Spanish ambassador stresses the constitutional differences between Scotland and Catalonia


  By a Newsnet reporter

The Spanish ambassador to the UK, Federico Trillo-Figueroa, has written to the Financial Times to stress the historical and constitutional differences between Scotland and Catalonia. 

Mr Trillo-Figueroa’s letter was published the day after the Conservatives were forced to deny that they had made an agreement with Spain’s ruling party the Partido Popular to maintain a “joint response” to Scottish and Catalan aspirations to independence.

In his letter to the Financial Times, written in response to a recent article in the newspaper comparing Catalan and Scottish independence, the Spanish ambassador insists that the two countries are entirely different, saying: “The historical and constitutional background of both cases do not have that much in common as it may seem at first sight, and it would be neither prudent nor fair to overlook this fact.”

He argued: “Scotland was an independent nation and has been part of the United Kingdom since the Scottish parliament decided freely (sic) to join in the 18th century.  By contrast, Catalonia was part of the wider Kingdom of Aragon and has been an integral part of Spain since its inception, more than five centuries ago.”

The ambassador’s letter apparently supports comments made by Spanish Foreign Minister José Manuel García-Margallo, who during a meeting in the Basque Country in October said:

“Every country has its own different constitutional order and different history and in [the case of] Scotland, the creation of the United Kingdom, Great Britain, was born as a consequence of the union of two kingdoms, that of Scotland and that of England.”

He added: “The British constitutional order foresees a referendum of this type, something which does not occur in any other country of the European Union.”  

Newsnet Scotland was the only Scottish media outlet to report the Spanish Foreign Minister’s comments, which weakened the Scottish Unionist position by leaving the door open to Spanish recognition of Scotland as a successor state to the UK.

However the Spanish government is apparently pursuing two contradictory paths in its attempts to forestall Catalan independence.

While the Foreign Minister and the Spanish ambassador to the UK stress the constitutional and legal differences between Scottish and Catalan independence, the ruling Partido Popular makes no secret of its attempts to build a European-wide alliance of parties opposed to independence movements within EU states and to give a “joint response” to all such movements.

Mr Trillo-Figueroa’s letter to the Financial Times came the day after British Conservatives were forced to deny that they had reached an agreement with the Partido Popular to combat Scottish and Catalan aspirations to independence, and to ensure that a future independent Scotland or Catalonia would be expelled from the EU.  A spokesperson for the Conservatives said that there was no pact and insisted that the party had no plans to enter any such pact at any time in the future.

However, despite the Conservatives’ denials, the party admitted that Scottish leader Ruth Davidson had held secret talks with a delegation led by the Partido Popular’s Esteban González Pons during the Conservatives’ recent conference in Birmingham.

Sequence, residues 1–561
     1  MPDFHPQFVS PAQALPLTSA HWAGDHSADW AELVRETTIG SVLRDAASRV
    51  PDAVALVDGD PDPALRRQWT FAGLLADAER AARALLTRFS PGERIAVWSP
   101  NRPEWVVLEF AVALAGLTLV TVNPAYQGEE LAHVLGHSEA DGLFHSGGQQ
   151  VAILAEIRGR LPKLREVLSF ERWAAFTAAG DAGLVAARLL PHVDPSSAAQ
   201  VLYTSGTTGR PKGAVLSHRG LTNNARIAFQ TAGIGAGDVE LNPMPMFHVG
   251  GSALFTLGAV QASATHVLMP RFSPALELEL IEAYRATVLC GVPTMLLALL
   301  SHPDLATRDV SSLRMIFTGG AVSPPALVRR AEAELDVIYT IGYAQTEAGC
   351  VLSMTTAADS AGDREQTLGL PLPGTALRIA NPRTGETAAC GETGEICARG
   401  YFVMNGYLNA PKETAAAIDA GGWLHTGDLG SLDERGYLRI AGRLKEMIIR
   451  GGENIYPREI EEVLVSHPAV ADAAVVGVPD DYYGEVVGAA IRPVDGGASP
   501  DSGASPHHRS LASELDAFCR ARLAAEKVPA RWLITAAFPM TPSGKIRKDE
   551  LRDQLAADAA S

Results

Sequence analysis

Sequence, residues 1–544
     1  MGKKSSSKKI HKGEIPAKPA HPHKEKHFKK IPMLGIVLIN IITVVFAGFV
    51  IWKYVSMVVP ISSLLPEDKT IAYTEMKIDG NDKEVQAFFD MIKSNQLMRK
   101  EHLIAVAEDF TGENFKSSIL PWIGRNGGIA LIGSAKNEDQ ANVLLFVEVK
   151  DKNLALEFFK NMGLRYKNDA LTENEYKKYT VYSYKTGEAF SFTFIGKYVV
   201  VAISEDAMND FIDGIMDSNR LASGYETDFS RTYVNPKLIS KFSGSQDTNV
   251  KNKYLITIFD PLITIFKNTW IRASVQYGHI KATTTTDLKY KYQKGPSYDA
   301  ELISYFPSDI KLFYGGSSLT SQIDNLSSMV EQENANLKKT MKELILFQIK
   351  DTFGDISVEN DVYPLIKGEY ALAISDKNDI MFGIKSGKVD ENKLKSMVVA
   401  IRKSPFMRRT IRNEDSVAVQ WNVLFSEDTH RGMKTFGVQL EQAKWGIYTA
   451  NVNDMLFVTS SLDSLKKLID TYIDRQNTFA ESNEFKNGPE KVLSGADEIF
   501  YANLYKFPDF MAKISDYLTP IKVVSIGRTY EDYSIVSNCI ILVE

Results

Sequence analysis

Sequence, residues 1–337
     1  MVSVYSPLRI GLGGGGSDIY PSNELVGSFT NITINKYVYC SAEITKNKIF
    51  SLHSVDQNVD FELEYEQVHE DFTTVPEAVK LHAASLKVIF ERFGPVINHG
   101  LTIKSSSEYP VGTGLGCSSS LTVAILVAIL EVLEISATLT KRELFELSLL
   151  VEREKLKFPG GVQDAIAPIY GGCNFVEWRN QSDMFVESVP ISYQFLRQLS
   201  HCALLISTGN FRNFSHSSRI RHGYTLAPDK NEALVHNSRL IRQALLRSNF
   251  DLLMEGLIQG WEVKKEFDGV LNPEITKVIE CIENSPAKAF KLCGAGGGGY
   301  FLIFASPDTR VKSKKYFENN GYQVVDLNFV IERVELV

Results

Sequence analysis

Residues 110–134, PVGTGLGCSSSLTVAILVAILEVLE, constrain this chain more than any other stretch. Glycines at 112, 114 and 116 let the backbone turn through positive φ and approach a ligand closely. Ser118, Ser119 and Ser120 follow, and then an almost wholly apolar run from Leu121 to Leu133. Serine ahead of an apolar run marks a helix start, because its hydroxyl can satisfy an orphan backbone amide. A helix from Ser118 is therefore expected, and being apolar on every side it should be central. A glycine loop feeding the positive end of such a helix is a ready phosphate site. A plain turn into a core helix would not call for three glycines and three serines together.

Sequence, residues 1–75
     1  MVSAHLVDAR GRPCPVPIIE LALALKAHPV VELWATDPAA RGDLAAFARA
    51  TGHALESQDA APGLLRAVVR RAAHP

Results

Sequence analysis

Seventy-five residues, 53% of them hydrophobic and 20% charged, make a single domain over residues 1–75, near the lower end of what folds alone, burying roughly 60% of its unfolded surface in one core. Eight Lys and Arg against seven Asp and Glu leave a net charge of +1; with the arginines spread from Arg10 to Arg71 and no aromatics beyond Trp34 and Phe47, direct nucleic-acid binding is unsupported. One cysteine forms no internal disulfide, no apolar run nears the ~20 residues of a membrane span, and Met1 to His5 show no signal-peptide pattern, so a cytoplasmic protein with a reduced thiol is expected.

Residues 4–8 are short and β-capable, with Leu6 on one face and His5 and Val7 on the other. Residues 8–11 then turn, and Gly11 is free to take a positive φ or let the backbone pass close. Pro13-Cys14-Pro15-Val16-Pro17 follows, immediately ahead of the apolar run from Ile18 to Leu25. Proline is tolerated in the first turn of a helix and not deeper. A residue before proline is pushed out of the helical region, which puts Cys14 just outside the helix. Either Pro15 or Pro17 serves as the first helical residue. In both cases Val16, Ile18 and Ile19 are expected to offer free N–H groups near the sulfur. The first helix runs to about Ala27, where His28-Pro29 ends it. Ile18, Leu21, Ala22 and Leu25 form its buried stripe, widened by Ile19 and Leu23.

In an interview with a Spanish newspaper, Mr González Pons claimed that he had reached an agreement with British Conservatives to give a “joint response” to the Catalan and Scottish independence movements.  It was also reported in the Spanish media that Mr González Pons, the PP’s Vice-Secretary for Studies and Programmes, would be holding additional meetings with Conservative and Labour figures in Scotland this December.

Newsnet Scotland has contacted the Conservative and Labour parties to ask for clarification of the purpose of these meetings and the topics to be discussed – we await answers to our questions.

The Spanish ambassador Federico Trillo-Figueroa was previously the Minister of Defence in the Partido Popular government of José María Aznar.

He achieved notoriety thoroughout the Spanish speaking world in 2003 on a foreign visit to El Salvador.  Reviewing an honour guard of El Salvadorean troops, Mr Trillo-Figueroa became the object of widespread ridicule after he mistakenly called upon the El Salvadorean forces to cheer ¡Viva Honduras! – Honduras is El Salvador’s neighbour and the border between the countries is disputed.  The two fought a brief war in 1969.

More serious accusations were levelled at Mr Trillo-Figueroa after the YAK-42 incident in 2003.  A YAK-42 airplane chartered by the Spanish Ministry of Defence was carrying Spanish troops returning from Afghanistan when it crashed into a mountain in eastern Turkey during heavy fog.  All 74 people on board died, 62 passengers from the Spanish military and 12 Ukrainian and Belorusian crew members.  Mr Trillo-Figueroa repeatedly refused to accept any responsibility for the botched investigation into the accident, although three of his subordinates were sentenced to prison terms for falsifying the identification of 30 of the bodies.

The former Defence Minister was appointed as Spanish ambassador to the UK in March 2012.  The appointment proved controversial.  Mr Trillo-Figueroa does not speak English, and his appointment came despite previous assurances from the Spanish Foreign Ministry that ambassadorial appointments would only be offered to career diplomats and would not be politically motivated.  

Mr Trillo-Figueroa remains close to the Partido Popular leadership and his letter to the Financial Times is likely to reflect the thinking of the Spanish government at the highest levels.